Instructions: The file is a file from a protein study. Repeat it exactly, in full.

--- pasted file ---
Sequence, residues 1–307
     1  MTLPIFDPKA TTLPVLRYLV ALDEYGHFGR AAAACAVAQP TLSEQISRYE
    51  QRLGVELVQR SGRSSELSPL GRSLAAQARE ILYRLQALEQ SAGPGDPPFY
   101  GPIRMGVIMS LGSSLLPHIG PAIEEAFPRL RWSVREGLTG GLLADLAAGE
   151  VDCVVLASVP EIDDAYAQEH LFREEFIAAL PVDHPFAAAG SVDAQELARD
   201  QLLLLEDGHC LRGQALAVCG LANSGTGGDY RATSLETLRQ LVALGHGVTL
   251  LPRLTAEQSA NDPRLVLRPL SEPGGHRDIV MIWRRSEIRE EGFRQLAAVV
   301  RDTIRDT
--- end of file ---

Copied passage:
Sequence, residues 1–307
     1  MTLPIFDPKA TTLPVLRYLV ALDEYGHFGR AAAACAVAQP TLSEQISRYE
    51  QRLGVELVQR SGRSSELSPL GRSLAAQARE ILYRLQALEQ SAGPGDPPFY
   101  GPIRMGVIMS LGSSLLPHIG PAIEEAFPRL RWSVREGLTG GLLADLAAGE
   151  VDCVVLASVP EIDDAYAQEH LFREEFIAAL PVDHPFAAAG SVDAQELARD
   201  QLLLLEDGHC LRGQALAVCG LANSGTGGDY RATSLETLRQ LVALGHGVTL
   251  LPRLTAEQSA NDPRLVLRPL SEPGGHRDIV MIWRRSEIRE EGFRQLAAVV
   301  RDTIRDT